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TERT Promoter Mutations Are Frequent in Cutaneous Basal Cell Carcinoma and Squamous Cell Carcinoma

  • Klaus G. Griewank ,

    klaus.griewank@uk-essen.de

    Affiliation Department of Dermatology, University Hospital, University Duisburg-Essen, Essen, Germany

  • Rajmohan Murali,

    Affiliations Department of Pathology, Memorial Sloan-Kettering Cancer Center, New York, United States of America, Human Oncology and Pathogenesis Program, Memorial Sloan-Kettering Cancer Center, New York, United States of America

  • Bastian Schilling,

    Affiliation Department of Dermatology, University Hospital, University Duisburg-Essen, Essen, Germany

  • Tobias Schimming,

    Affiliation Department of Dermatology, University Hospital, University Duisburg-Essen, Essen, Germany

  • Inga Möller,

    Affiliation Department of Dermatology, University Hospital, University Duisburg-Essen, Essen, Germany

  • Iris Moll,

    Affiliation Department of Dermatology, University Hospital, University Duisburg-Essen, Essen, Germany

  • Marion Schwamborn,

    Affiliation Department of Dermatology, University Hospital, University Duisburg-Essen, Essen, Germany

  • Antje Sucker,

    Affiliation Department of Dermatology, University Hospital, University Duisburg-Essen, Essen, Germany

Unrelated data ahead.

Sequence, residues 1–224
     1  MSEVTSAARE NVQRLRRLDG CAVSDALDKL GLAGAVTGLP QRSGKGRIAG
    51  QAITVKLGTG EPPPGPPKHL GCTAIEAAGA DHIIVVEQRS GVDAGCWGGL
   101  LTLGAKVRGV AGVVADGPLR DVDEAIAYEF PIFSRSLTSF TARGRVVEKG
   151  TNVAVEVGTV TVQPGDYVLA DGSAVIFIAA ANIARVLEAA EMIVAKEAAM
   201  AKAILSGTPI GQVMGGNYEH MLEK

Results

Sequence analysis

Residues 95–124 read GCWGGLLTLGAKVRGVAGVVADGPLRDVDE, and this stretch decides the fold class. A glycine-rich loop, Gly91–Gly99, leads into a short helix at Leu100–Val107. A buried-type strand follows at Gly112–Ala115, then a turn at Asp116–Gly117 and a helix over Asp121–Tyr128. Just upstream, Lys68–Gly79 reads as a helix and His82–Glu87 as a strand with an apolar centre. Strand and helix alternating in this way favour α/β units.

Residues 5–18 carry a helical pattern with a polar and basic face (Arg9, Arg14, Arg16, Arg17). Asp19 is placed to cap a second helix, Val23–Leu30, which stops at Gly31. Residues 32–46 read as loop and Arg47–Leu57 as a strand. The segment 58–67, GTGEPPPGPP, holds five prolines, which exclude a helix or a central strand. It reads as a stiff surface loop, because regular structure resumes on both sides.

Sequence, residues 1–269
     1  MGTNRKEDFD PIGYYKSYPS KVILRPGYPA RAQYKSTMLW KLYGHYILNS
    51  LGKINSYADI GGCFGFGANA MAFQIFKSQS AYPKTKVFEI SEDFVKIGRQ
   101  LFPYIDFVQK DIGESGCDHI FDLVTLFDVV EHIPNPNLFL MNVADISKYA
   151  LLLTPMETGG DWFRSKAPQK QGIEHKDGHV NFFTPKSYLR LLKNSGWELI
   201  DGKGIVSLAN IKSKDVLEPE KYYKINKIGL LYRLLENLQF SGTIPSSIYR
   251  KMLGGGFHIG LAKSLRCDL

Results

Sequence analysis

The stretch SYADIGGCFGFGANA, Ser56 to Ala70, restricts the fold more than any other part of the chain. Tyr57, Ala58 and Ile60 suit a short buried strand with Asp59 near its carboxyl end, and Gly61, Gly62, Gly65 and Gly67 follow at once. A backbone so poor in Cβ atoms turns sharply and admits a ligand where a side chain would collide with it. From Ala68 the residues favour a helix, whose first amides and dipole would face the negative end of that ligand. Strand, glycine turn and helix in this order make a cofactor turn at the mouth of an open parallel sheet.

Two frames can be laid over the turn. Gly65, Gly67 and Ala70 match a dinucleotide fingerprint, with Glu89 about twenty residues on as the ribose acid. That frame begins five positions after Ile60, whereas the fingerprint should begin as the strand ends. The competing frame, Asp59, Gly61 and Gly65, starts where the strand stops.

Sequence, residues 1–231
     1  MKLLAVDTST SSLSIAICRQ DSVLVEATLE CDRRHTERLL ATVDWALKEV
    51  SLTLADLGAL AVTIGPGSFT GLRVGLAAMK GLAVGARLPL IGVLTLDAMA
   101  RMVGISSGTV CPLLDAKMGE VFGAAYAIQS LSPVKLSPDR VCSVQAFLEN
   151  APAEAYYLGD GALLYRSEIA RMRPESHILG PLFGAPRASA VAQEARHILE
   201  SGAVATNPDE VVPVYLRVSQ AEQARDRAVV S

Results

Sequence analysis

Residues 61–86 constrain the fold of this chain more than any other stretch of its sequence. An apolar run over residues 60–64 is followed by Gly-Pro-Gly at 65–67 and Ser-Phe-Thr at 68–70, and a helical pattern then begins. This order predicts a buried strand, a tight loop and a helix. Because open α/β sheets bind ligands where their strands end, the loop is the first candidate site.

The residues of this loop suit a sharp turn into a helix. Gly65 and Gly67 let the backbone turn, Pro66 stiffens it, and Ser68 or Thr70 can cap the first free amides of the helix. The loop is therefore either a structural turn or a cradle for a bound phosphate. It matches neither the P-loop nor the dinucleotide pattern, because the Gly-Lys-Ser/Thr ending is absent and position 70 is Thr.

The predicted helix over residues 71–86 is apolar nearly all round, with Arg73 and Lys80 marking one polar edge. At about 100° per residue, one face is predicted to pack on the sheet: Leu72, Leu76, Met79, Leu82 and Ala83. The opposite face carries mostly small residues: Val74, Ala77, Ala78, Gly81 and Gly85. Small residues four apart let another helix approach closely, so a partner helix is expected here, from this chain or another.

• Lisa Zimmer,

    Affiliation Department of Dermatology, University Hospital, University Duisburg-Essen, Essen, Germany

  • Dirk Schadendorf,

    Affiliation Department of Dermatology, University Hospital, University Duisburg-Essen, Essen, Germany

  • Uwe Hillen

    Affiliation Department of Dermatology, University Hospital, University Duisburg-Essen, Essen, Germany

TERT Promoter Mutations Are Frequent in Cutaneous Basal Cell Carcinoma and Squamous Cell Carcinoma

  • Klaus G. Griewank, 
  • Rajmohan Murali, 
  • Bastian Schilling, 
  • Tobias Schimming, 
  • Inga Möller, 
  • Iris Moll, 
  • Marion Schwamborn, 
  • Antje Sucker, 
  • Lisa Zimmer, 
  • Dirk Schadendorf
PLOS
x

Abstract

Activating mutations in the TERT promoter were recently identified in up to 71% of cutaneous melanoma. Subsequent studies found TERT promoter mutations in a wide array of other major human cancers. TERT promoter mutations lead to increased expression of telomerase, which maintains telomere length and genomic stability, thereby allowing cancer cells to continuously divide, avoiding senescence or apoptosis. TERT promoter mutations in cutaneous melanoma often show UV-signatures. Non-melanoma skin cancer, including basal cell carcinoma and squamous cell carcinoma, are very frequent malignancies in individuals of European descent. We investigated the presence of TERT promoter mutations in 32 basal cell carcinomas and 34 cutaneous squamous cell carcinomas using conventional Sanger sequencing. TERT promoter mutations were identified in 18 (56%) basal cell carcinomas and in 17 (50%) cutaneous squamous cell carcinomas. The recurrent mutations identified in our cohort were identical to those previously described in cutaneous melanoma, and showed a UV-signature (C>T or CC>TT) in line with a causative role for UV exposure in these common cutaneous malignancies. Our study shows that TERT promoter mutations with UV-signatures are frequent in non-melanoma skin cancer, being present in around 50% of basal and squamous cell carcinomas and suggests that increased expression of telomerase plays an important role in the pathogenesis of these tumors.